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[kwo-drat-ik] /kwɒˈdræt ɪk/
1.
2.
Algebra. involving the square and no higher power of the unknown quantity; of the second degree.
noun
3.
1650-1660
Related forms
Dictionary.com Unabridged
Based on the Random House Dictionary, © Random House, Inc. 2016.
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Examples from the Web for quadratic
Contemporary Examples
• As a teen, Randy had painted a submarine, an elevator door and the quadratic equation on the walls of his childhood bedroom.

October 7, 2008
• “When I was in third grade, I was in quadratic equations when my class was, like, reading clocks,” Andraka says.

Historical Examples
• The next three propositions contain problems which may be said to be solutions of quadratic equations.

• She now began to read Euclids Elements, and proceeded in algebra as far as quadratic equations.

I. Platts
• What does matter is thisI must ask you to tell me exactly why you wished me to work out that quadratic problem for you.

Pauline Lester
• Since the fraction is infinite it cannot be commensurable and therefore its value is a quadratic surd number.

• Another type of quadratic moment is supplied by the deviation-moments, or products of inertia of a distribution of matter.

• The quadratic moments with respect to different planes through a fixed point O are related to one another as follows.

• It is right, but too lengthy to be worth as much as a quadratic.

Lewis Carroll
• Following J. Plcker, we give an account of the lines of a quadratic complex that meet a given line.

/kwɒˈdrætɪk/
noun
1.
Also called quadratic equation. an equation containing one or more terms in which the variable is raised to the power of two, but no terms in which it is raised to a higher power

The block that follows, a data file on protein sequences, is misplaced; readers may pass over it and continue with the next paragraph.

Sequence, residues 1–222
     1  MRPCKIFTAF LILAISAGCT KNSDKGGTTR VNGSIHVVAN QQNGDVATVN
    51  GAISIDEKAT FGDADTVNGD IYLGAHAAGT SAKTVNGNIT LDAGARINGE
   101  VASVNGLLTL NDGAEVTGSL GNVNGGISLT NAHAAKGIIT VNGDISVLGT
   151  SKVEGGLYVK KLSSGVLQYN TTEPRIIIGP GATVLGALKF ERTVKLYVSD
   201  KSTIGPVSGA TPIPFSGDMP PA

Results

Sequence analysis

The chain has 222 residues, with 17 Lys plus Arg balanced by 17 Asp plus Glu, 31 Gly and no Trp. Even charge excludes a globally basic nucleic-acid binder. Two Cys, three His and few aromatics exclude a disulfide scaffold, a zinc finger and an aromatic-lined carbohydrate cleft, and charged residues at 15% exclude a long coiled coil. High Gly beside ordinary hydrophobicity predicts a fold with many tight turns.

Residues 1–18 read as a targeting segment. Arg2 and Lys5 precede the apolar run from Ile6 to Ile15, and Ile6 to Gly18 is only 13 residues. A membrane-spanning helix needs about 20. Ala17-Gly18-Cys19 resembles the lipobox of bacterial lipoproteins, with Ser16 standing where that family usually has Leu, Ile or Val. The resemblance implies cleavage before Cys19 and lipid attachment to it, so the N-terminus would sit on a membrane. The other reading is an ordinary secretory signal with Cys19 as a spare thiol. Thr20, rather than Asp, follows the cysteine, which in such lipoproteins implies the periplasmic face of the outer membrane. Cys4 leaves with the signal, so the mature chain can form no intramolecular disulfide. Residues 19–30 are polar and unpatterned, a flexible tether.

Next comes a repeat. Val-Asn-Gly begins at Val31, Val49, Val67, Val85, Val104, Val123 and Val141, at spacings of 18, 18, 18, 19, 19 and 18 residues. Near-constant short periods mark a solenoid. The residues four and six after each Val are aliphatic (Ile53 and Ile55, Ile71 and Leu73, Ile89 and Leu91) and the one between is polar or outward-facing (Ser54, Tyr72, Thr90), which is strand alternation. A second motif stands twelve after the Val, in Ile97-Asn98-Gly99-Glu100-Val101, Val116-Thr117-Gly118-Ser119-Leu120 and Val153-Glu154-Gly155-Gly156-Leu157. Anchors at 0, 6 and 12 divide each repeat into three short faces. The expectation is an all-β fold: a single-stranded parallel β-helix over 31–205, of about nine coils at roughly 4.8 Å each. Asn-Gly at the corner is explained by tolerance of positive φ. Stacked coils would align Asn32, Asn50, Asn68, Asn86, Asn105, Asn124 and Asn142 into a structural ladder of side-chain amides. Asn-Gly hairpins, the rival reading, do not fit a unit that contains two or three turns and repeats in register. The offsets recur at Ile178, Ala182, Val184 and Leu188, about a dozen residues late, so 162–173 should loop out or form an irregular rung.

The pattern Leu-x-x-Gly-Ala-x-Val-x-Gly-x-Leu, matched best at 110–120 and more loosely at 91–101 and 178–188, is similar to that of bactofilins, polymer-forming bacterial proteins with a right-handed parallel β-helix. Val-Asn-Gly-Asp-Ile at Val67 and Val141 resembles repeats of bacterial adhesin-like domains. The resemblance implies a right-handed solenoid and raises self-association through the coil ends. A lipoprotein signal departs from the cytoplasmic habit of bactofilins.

2.
of or relating to the second power
Collins English Dictionary - Complete & Unabridged 2012 Digital Edition
Publishers 1998, 2000, 2003, 2005, 2006, 2007, 2009, 2012
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Word Origin and History for quadratic

1650s, "square," with -ic + obsolete quadrate "a square; a group of four things" (late 14c.), from Latin quadratum, noun use of neuter adjective quadratus "square, squared," past participle of quadrare "to square, set in order, complete" (see quadrant). Quadratic equations (1660s) so called because they involve the square of x.

Online Etymology Dictionary, © 2010 Douglas Harper
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 quadratic   (kwŏ-drāt'ĭk)    Relating to a mathematical expression containing a term of the second degree, such as x2 + 2. ◇ A quadratic equation is an equation having the general form ax2 + bx + c = 0, where a, b, and c are constants. ◇ The quadratic formula is x = -b ± √(b2 - 4ac)/2a. It is used in algebra to calculate the roots of quadratic equations.
The American Heritage® Science Dictionary
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